NASA’s SOFIA Airborne Observatory Faces Termination Again
Both NASA and OMB budget documents argued that the scientific return SOFIA provided did not justify its high operating costs. Credit: NASA
WASHINGTON — NASA’s fiscal year 2021 budget request proposes cancelling an airborne observatory, a move that has surprised many astronomers but is also not the first time the project has faced termination.
The budget proposal, released Feb. 10, included the Stratospheric Observatory for Infrared Astronomy (SOFIA) among the programs slated for termination. SOFIA, which received $85.2 million in the fiscal year 2020 appropriations bill, would get $12 million in fiscal year 2021 to close out the program and mothball the observatory.
SOFIA is a Boeing 747 with a 2.5‑meter telescope mounted in its fuselage. Equipped with a suite of infrared instruments, it carries out observations while at altitude, above most of the atmospheric water vapor that absorbs infrared light. The project is a joint effort with the German space agency DLR.
In its budget documents, the White House’s Office of Management and Budget (OMB) said that SOFIA’s scientific return did not justify its expense. SOFIA is currently the second most expensive astrophysics mission at NASA, behind only the Hubble Space Telescope, which received $98.3 million in 2019 and for which NASA requested $88.3 million in 2021. The James Webb Space Telescope, though, will be more expensive to operate — an estimated $172 million a year, according to the budget proposal — once it enters service after its 2021 launch.
OMB stated that SOFIA “has not delivered high quality data products or science on par with other large science missions. Future projections do not indicate a dramatic improvement in SOFIA’s scientific productivity in the next few years.” The high operating expenses of an airborne platform like SOFIA “results in low cost efficiency compared to most observatories.”
NASA offered similar language in its budget justification. “SOFIA’s annual operations budget is the second most expensive operating mission in the Astrophysics Division (after the Hubble Space Telescope), yet the science productivity of the mission is not on par with other large science missions,” it stated. “Dramatic improvement in SOFIA’s scientific productivity is not expected.”
A month earlier, though, NASA was singing a different tune. “Their plans for their extended mission include a lot of new initiatives that will increase SOFIA’s service to the community,” said Paul Hertz, director of NASA’s astrophysics division, during a SOFIA town hall meeting at the 235th Meeting of the American Astronomical Society (AAS) Jan. 7 in Honolulu. “The SOFIA team is working hard to implement those changes and make those improvements.”
Those improvements came from a pair of studies that NASA commissioned in 2018, one to examine the operations of the observatory and the other its science. Those studies concluded with recommendations on how to improve the efficiency of SOFIA.
“We want more discoveries per dollar,” said Jim Jackson, associate director for research at the SOFIA Science Center, which is run by the Universities Space Research Organization (USRA), at that town hall meeting. “We want to optimize the value proposition of the observatory.”
That optimization, he said, includes automating more of the observing process and changing the cadence of flights, such as more flights that last eight hours instead of ten. Jackson said the shorter flights carry less fuel, which allow the plane to reach the stratosphere faster. “It makes much more sense to do five eight-hour flights than four ten-hour flights, because you spend more time, net, in the stratosphere.”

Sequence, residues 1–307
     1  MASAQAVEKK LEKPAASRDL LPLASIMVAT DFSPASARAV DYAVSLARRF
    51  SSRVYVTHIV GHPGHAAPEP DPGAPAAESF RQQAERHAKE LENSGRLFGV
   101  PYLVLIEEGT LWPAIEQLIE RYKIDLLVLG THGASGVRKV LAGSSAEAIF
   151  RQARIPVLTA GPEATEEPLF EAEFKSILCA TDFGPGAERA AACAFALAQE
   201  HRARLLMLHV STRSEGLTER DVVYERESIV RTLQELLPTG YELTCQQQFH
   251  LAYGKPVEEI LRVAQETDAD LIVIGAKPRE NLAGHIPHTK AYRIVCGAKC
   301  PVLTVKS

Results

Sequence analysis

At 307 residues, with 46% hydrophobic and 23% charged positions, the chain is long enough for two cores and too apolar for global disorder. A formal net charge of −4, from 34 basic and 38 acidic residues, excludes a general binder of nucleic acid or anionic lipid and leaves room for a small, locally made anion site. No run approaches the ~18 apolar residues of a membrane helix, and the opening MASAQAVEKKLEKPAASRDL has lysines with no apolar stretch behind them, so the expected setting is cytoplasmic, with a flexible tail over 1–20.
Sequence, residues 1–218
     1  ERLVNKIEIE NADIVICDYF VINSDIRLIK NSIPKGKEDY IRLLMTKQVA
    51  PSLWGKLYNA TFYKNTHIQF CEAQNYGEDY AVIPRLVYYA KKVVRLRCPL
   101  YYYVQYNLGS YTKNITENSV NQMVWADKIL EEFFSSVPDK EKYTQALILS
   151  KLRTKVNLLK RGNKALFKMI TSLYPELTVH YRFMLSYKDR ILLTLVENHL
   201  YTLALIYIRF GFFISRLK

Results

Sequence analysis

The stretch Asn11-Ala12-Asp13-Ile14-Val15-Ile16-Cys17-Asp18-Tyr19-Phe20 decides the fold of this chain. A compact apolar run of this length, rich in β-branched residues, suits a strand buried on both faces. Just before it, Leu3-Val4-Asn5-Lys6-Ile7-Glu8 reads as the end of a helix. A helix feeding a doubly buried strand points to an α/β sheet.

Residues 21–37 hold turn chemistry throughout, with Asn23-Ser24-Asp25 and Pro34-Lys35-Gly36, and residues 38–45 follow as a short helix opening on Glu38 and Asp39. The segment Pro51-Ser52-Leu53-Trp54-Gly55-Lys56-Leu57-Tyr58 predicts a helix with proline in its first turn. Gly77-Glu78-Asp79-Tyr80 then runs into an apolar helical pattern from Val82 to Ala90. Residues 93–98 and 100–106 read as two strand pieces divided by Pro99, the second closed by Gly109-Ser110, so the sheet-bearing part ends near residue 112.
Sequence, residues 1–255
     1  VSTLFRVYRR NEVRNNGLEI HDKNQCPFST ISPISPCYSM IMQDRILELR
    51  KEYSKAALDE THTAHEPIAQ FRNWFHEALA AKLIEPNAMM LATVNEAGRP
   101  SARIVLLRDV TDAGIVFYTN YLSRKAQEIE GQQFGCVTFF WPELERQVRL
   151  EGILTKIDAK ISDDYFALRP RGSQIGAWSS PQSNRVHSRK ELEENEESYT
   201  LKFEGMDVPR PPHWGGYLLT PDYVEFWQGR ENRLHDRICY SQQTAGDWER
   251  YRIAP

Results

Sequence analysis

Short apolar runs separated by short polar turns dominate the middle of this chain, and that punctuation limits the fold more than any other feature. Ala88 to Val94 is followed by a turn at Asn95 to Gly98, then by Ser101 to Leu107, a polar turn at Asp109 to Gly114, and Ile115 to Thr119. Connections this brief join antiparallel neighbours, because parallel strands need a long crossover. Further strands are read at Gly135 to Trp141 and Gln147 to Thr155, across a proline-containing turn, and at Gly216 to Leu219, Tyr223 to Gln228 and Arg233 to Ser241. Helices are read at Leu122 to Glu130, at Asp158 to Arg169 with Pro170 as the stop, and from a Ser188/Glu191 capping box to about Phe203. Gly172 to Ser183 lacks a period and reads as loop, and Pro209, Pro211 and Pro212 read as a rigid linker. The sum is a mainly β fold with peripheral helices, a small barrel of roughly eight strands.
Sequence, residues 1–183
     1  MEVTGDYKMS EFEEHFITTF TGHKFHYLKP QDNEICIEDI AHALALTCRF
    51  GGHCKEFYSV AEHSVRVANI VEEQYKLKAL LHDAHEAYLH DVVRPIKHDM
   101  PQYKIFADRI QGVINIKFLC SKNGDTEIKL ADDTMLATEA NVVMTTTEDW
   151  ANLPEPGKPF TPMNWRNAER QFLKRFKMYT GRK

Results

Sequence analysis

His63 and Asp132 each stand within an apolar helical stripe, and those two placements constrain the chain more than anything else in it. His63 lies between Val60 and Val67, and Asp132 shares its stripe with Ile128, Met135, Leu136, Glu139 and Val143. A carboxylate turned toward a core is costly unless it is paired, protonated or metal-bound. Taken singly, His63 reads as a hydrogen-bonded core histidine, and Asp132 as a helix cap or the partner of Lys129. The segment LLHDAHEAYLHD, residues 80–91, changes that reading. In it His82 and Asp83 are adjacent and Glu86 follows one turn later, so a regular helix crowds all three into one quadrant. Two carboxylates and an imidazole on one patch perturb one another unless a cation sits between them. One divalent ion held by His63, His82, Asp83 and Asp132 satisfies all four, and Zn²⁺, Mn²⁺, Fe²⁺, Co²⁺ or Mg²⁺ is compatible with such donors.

“Once we roll out this plan,” he concluded, “I am confident that we will be a premier facility for the coming decades.” That’s particularly true, he noted, for far infrared observations, which even JWST will not be able to perform.
USRA spokesperson Suraiya Farukhi said Feb. 13 there are no changes planned to SOFIA operations in light of the budget proposal, highlighting a number of scientific discoveries enabled by the observatory that were presented at last month’s AAS meeting. “The SOFIA team will stay the course and continue to provide the international community with high-quality data that addresses key topical science questions based on SOFIA’s unique capabilities.”
This is not the first time that NASA has proposed terminating SOFIA. In its fiscal year 2015 budget proposal, the agency also sought to terminate the observatory, just as it was set to begin its prime mission after an extended development cycle.
NASA leadership said then a lack of resources led it to propose cancelling SOFIA. “It turned out that we had to make very difficult choices about where we go with astrophysics and planetary science and Earth science, and SOFIA happened to be what fell off the plate this time,” Charles Bolden, NASA administrator at the time, said after the release of the budget.
Congress, though, rejected the proposed termination of SOFIA and funded the mission in fiscal year 2015 and subsequent years. It also included language in a 2019 spending bill preventing NASA from including SOFIA in a senior review of extended missions, just as SOFIA was completing its five-year prime mission. NASA instead conducted the science and operations reviews of SOFIA.
Among the observatory’s backers in Congress is House Minority Leader Kevin McCarthy (R‑Calif.), whose district is adjacent to the Palmdale, California, facility that serves as SOFIA’s home base. McCarthy has not commented on the fiscal year 2021 budget proposal, but in a Dec. 17 statement about the passage of fiscal year 2020 appropriations bills, he included SOFIA funding as one of the “District and California priorities that McCarthy helped secure.”